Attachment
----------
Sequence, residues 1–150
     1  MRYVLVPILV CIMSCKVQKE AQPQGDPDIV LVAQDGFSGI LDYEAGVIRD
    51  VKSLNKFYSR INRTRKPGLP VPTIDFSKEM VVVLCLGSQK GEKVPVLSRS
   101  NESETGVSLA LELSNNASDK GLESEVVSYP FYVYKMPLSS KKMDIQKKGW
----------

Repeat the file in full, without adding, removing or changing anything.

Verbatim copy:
Sequence, residues 1–150
     1  MRYVLVPILV CIMSCKVQKE AQPQGDPDIV LVAQDGFSGI LDYEAGVIRD
    51  VKSLNKFYSR INRTRKPGLP VPTIDFSKEM VVVLCLGSQK GEKVPVLSRS
   101  NESETGVSLA LELSNNASDK GLESEVVSYP FYVYKMPLSS KKMDIQKKGW